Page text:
Add Emergency Preparedness to New Year’s Resolutions for 2017

With the calendar flipping to 2017, those pesky New Year’s Resolutions once again become a priority. Whether it’s making plans to regularly attend the gym, eat healthier or other timely concessions, there may be one resolution that is often overlooked.

The importance of being prepared for emergencies or natural disasters is always paramount.

Living in California provides unmatched accommodations and beauty, but it’s also prone to the constant threat of disasters, such as earthquakes, flooding and wildfires.

To assist in your New Year’s Resolutions, here are some emergency preparedness tips for these five specific disasters:

 

Floods

  • Avoid walking or driving through flood waters.
  • Just 6 inches of moving water can knock you down, and 2 feet of water can sweep your vehicle away.
  • If there is a chance of flash flooding, move immediately to higher ground.
  • If floodwaters rise around your car but the water is not moving, abandon the car and move to higher ground. Do not leave the car and enter moving water.

Read more about flood preparedness here.

 

Winter Storms

  • Prepare an emergency kit with a flashlight, batteries, bottled water, non-perishable food, blankets, warm clothing, first aid kit and other items you might need for several days.
  • Monitor local news and weather stations for updates.
  • Pay attention to alerts and warnings from authorities.
  • If you don’t have to go out, stay home.
  • Use extreme caution around downed trees and slow down for debris in the street.
  • Avoid all downed power lines and objects touching them. Report downed lines to your local authorities.

Read more about winter storm preparedness here.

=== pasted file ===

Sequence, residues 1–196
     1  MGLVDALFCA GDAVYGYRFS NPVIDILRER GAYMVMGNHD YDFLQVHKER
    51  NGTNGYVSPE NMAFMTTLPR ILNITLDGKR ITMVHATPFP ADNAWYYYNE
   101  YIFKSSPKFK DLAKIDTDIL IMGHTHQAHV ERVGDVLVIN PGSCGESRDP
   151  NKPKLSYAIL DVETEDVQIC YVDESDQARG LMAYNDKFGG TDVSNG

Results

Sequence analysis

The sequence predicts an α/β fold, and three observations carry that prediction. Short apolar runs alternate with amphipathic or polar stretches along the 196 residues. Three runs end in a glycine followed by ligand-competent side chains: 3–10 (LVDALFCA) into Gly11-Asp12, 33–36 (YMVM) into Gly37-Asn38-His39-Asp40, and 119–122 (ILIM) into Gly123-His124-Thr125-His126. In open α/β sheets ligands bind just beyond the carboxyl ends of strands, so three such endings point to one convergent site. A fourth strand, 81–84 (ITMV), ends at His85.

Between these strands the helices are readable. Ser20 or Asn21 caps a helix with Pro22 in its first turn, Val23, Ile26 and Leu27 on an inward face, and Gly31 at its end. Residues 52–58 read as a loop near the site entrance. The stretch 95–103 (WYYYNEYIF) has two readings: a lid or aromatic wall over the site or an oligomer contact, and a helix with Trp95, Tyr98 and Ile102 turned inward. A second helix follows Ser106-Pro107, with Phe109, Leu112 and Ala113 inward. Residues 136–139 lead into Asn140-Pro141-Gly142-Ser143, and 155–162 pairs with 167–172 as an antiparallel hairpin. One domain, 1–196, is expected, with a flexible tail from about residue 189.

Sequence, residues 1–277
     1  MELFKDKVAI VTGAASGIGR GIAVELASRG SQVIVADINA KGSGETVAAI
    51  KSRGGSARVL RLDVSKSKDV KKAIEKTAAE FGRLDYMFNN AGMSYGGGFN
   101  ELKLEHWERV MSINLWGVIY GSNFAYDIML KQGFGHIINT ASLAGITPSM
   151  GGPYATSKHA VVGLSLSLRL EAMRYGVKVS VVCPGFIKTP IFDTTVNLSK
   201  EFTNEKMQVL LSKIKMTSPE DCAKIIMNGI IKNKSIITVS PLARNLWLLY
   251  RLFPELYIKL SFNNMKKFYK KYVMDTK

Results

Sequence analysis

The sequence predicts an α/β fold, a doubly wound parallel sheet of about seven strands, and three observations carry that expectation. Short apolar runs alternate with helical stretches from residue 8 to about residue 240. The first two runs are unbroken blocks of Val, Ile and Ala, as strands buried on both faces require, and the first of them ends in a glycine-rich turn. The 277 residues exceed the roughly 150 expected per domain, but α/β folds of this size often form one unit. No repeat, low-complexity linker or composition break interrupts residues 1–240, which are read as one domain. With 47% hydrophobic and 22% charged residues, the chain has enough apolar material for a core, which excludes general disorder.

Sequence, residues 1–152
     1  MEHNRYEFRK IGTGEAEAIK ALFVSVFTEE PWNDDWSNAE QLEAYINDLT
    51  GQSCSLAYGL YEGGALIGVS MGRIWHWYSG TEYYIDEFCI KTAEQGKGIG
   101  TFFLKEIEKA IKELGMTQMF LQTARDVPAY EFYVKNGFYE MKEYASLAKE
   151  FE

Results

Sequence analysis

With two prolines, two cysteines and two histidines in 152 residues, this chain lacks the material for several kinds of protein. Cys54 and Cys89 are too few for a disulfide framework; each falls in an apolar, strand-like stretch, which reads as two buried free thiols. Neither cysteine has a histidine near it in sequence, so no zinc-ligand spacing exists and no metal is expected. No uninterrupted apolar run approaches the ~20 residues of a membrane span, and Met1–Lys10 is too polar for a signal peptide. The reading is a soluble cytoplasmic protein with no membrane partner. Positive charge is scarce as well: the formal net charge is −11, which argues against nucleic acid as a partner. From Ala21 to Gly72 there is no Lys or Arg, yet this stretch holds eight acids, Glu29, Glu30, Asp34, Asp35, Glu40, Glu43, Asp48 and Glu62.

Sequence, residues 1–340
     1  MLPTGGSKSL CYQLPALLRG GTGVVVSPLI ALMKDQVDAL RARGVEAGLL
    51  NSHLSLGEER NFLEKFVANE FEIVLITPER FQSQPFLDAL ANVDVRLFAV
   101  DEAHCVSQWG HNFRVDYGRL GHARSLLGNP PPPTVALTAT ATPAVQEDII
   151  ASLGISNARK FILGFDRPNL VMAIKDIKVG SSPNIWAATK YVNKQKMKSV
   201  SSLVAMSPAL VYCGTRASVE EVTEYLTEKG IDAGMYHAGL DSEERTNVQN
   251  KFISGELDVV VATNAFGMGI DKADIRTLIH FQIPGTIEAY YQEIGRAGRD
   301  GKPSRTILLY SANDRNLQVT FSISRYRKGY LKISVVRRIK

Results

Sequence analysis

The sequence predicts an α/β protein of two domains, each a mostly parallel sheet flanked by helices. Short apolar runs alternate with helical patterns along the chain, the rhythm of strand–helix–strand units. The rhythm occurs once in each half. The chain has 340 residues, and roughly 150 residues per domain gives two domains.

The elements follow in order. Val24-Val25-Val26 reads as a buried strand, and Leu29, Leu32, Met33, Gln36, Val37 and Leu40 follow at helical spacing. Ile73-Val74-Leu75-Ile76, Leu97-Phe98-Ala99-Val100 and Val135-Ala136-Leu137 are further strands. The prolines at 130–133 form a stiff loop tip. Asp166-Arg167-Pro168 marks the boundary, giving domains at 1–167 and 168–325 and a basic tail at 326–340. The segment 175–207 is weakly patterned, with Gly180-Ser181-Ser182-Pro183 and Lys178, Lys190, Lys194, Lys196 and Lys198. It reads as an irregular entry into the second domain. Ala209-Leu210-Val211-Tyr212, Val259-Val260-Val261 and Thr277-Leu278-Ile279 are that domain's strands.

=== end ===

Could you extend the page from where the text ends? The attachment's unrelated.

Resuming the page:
Earthquakes

  • Identify potential hazards in your home and begin to fix them.
  • Create a disaster-preparedness plan.
  • Identify your building’s potential weaknesses and begin to fix them.
  • Protect yourself during earthquake shaking (Drop, Cover, and Hold On!)

Read more about earthquake preparedness here.

 

Wildfires

  • Have fire extinguishers on hand and train your family on how to use them (check expiration dates regularly).
  • Ensure that your family knows where your gas, electric, and water main shut-off controls are located and how to safely shut them down in an emergency.
  • Maintain a list of emergency contact numbers posted near your phone and in your emergency supply kit.
  • Have a portable radio or scanner so you can stay updated on the fire.

Read more about wildfire preparedness here.

 

Drought

  • Avoid over watering your lawn. Water only when needed.
  • A heavy rain eliminates the need for watering for up to two weeks. Most of the year, lawns only need one inch of water per week.
  • If your lawn does require watering, do so early in the morning or later in the evening, when temperatures are cooler.
  • Check your sprinkler system frequently and adjust sprinklers so only your lawn is watered and not the house, sidewalk, or street.

Read more about drought preparedness here.

 

Additional resources

Cal OES

Cal FIRE

Drought.ca.gov

Storms.ca.gov

Ready.gov

National Weather Service

 

 

 

Jonathan Gudel

Jonathan Gudel is a Public Information Officer for the California Governor's Office of Emergency Services (Cal OES). Since joining Cal OES, he has assisted in the response and recovery efforts of the Aliso Canyon Gas Leak, the state's historic drought, the Oroville Dam Emergency Spillway Incident, unprecedented winter storms in 2017, the October (Sonoma County) and December (Santa Barbara County) 2017 wildfires, and statewide wildfire siege in 2018 . Previously, he worked in the newspaper industry for 12 years.

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